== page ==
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Burghley 2018: speed proves the formula to cross-country success

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While Burghley’s cross-country course can never be described as a walk in the park, this year’s huge fences, tricky lines and tight time made it the toughest yet. Find out what happened

When asked beforehand what they thought of the Burghley’s infamous cross-country course, the first reaction from most riders was ‘it’s huge!’ In fact, Oliver Townend went as far as saying it’s the biggest, toughest track he’s ever seen. But after completing it, many were pleasantly surprised.

“I loved it,” declared Andrew Nicholson. “There aren’t any hidden traps and it’s great that you have the option to change your plans if things didn’t go right.”

Harry Meade pointed out the Trout Hatchery as a particular highlight. “I didn’t know what would happen, so I had to right on the seat of your pants – it’s not a fixed showjumping exercise hidden behind cross-country fences.”

In the end, though, it was the time allowance of 11 minutes and 11 seconds that proved to be incredibly influential. “I didn’t think anybody would make it,” the long-standing course builder said in the end-of-day press conference. “When Oliver Townend’s first horse didn’t get it, when Toddy’s first horse didn’t get it, I thought this might be the first Burghley on good footing where nobody gets the time.”

The first rider to come close was Piggy French, who was runner up here last year with her ride Vanir Kamira. Doing their bit for girl power, this formidable duo sailed home just three second over. “She’s a fabulous little mare,” enthused Piggy afterwards. “You could strap a monkey to her and she’d jump the fences.” That assessment, however, seriously undersells the talented rider in the irons, and Piggy admits she does have to regularly balance ‘Tilly’ to keep her off her head and back in balance.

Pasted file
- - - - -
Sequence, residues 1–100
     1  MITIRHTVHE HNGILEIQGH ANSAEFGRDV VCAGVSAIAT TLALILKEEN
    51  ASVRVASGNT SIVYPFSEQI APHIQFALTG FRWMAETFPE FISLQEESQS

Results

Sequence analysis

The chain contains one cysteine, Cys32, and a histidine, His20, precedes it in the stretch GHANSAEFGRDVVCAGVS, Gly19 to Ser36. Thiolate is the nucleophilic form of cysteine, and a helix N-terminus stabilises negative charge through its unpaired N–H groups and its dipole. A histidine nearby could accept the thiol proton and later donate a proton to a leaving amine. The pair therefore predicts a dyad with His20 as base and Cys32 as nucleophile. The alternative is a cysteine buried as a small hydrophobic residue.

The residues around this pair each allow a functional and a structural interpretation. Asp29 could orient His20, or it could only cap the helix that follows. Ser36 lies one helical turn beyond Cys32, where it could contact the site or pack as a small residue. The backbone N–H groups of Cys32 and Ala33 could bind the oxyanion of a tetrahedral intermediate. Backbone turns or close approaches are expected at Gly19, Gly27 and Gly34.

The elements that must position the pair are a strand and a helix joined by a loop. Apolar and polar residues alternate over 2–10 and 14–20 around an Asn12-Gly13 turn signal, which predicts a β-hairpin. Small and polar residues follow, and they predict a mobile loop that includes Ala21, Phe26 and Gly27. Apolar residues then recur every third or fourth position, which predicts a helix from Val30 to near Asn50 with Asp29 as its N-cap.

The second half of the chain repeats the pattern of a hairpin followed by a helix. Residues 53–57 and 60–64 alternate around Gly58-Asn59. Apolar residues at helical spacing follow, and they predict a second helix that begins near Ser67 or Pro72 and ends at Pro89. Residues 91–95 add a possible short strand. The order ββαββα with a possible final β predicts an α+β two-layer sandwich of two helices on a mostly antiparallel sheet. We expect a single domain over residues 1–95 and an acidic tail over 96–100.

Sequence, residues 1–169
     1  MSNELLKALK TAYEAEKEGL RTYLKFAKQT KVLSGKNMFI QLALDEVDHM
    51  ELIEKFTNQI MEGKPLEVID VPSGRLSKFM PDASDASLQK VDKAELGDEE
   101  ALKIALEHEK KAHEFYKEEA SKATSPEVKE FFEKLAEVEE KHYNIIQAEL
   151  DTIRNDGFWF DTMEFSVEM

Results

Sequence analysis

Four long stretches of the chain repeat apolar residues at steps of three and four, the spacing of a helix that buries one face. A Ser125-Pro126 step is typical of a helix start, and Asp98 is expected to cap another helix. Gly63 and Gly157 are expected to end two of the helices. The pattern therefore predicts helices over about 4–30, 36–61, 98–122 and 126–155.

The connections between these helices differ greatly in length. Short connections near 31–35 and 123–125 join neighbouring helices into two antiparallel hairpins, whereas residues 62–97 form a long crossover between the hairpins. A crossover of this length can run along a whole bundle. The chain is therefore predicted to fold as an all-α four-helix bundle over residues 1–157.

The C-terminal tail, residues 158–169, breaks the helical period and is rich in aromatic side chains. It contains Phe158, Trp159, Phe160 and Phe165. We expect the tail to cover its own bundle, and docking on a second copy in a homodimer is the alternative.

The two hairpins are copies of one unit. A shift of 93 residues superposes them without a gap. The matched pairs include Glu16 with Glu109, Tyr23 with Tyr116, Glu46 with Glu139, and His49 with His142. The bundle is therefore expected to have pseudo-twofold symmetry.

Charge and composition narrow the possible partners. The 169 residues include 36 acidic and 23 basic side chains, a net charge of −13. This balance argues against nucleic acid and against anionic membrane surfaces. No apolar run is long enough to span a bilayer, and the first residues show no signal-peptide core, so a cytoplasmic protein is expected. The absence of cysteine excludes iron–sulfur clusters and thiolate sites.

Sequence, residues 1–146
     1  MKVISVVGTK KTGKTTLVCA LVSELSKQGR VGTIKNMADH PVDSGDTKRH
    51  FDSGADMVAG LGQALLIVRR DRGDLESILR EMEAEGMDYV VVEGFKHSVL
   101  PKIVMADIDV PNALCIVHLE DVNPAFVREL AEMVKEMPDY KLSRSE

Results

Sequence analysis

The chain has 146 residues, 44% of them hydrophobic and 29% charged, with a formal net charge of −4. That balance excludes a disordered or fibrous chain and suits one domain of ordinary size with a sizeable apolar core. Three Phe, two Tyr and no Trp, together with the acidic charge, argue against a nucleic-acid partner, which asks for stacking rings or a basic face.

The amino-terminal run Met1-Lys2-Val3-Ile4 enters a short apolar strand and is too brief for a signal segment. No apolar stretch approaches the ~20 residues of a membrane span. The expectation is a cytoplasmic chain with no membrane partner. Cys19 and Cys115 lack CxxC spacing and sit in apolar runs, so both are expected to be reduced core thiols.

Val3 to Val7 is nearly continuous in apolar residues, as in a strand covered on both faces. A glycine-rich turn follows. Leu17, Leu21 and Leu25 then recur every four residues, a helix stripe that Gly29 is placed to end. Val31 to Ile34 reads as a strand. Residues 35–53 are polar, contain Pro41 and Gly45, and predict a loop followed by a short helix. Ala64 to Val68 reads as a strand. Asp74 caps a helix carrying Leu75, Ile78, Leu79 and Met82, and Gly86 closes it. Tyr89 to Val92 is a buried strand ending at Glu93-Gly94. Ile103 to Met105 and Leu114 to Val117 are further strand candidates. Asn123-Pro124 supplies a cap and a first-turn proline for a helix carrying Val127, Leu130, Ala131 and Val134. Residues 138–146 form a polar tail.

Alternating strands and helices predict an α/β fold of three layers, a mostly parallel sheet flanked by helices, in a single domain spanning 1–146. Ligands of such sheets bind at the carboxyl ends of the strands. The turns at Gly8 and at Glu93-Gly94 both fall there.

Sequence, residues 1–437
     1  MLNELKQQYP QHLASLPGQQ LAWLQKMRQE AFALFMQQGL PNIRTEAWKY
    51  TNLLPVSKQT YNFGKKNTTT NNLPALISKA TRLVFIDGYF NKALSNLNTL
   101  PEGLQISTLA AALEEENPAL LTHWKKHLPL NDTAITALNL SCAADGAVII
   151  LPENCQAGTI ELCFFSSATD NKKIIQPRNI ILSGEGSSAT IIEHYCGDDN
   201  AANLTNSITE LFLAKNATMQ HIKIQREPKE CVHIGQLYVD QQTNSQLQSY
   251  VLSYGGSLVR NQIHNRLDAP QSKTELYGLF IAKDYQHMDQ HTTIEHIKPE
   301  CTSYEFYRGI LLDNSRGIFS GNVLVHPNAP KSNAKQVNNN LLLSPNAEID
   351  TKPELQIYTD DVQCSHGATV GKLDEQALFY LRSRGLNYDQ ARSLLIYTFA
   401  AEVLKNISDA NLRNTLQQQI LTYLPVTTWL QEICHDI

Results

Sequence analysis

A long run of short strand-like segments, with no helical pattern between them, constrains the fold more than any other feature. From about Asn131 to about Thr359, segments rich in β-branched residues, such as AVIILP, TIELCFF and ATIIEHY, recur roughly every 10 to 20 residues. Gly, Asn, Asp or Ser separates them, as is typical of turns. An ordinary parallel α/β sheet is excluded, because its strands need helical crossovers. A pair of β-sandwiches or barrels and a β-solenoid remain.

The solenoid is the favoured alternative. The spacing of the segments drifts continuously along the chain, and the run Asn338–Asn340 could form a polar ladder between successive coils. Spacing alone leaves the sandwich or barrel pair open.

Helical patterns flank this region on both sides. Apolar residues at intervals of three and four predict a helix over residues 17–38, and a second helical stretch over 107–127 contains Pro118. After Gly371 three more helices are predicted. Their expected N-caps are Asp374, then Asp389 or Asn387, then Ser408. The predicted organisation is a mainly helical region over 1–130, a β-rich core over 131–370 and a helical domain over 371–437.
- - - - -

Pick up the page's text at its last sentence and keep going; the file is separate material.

With so many horses coming home tired and over the time, Vanir Kamira was still full of running as she crossed the line. “I’m kicking myself for those three seconds when she finished so well,” said Piggy. However, it was enough to push them up to third place.

Not far behind them, though, was Harry Meade and Away Cruising, who added just 1.6 time penalties to their dressage score. This is the grey gelding’s second trip to Burghley and Harry is delighted with his performance. He admits to riding conservatively, as he didn’t think the horse would go as well as he did, and was surprised to find he stayed on his markers without slipping back in the latter stages of the course. He finished on the same score as Piggy but, as she was closer to the optimum time, slots in behind her into fourth.

In wasn’t until well into the afternoon when the time was finally beaten, and it came at the hands of Tina Cook and Star Witness. After a disappointing dressage the day before – a phase which is never this horse’s strong suit – Tina knew the only way she’d be able to get near the top ten was to go clear inside the time.

“I had to push him, he’s not a typical Thoroughbred and I knew I wouldn’t be able to make up the time in the latter stages,” she said afterwards. “He came up with the goods and cruised home, but I think he only had another 30 seconds of running left in him. He knows Burghley well and loves it here.”

The King of Burghley, five-time winner Andrew Nicholson, once again proved himself worthy of his crown – both his rides finished inside the top ten. First out was Jet Set IV – while spectators would say it was a smooth round that made the course look easy, Andrew claimed it was a bit more ragged than he’d expected. “He pulled hard and was unsettled by the crowds, but he’s got plenty of pace, he’s brave and he’s naïve. He’s a class horse for the future,” was his assessment.